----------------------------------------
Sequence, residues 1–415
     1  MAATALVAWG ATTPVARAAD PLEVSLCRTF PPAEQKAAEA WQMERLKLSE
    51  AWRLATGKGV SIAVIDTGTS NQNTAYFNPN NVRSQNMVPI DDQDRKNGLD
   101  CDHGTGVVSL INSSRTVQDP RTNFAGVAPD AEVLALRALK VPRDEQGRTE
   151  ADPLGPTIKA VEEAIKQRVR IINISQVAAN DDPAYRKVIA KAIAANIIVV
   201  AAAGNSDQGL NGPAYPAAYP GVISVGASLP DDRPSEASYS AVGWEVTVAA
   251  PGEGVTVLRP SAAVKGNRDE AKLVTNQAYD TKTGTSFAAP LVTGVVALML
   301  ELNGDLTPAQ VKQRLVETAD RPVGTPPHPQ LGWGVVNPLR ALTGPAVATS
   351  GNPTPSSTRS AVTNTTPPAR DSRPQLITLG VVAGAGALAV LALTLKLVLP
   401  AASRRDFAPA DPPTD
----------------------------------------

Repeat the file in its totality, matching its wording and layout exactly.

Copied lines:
Sequence, residues 1–415
     1  MAATALVAWG ATTPVARAAD PLEVSLCRTF PPAEQKAAEA WQMERLKLSE
    51  AWRLATGKGV SIAVIDTGTS NQNTAYFNPN NVRSQNMVPI DDQDRKNGLD
   101  CDHGTGVVSL INSSRTVQDP RTNFAGVAPD AEVLALRALK VPRDEQGRTE
   151  ADPLGPTIKA VEEAIKQRVR IINISQVAAN DDPAYRKVIA KAIAANIIVV
   201  AAAGNSDQGL NGPAYPAAYP GVISVGASLP DDRPSEASYS AVGWEVTVAA
   251  PGEGVTVLRP SAAVKGNRDE AKLVTNQAYD TKTGTSFAAP LVTGVVALML
   301  ELNGDLTPAQ VKQRLVETAD RPVGTPPHPQ LGWGVVNPLR ALTGPAVATS
   351  GNPTPSSTRS AVTNTTPPAR DSRPQLITLG VVAGAGALAV LALTLKLVLP
   401  AASRRDFAPA DPPTD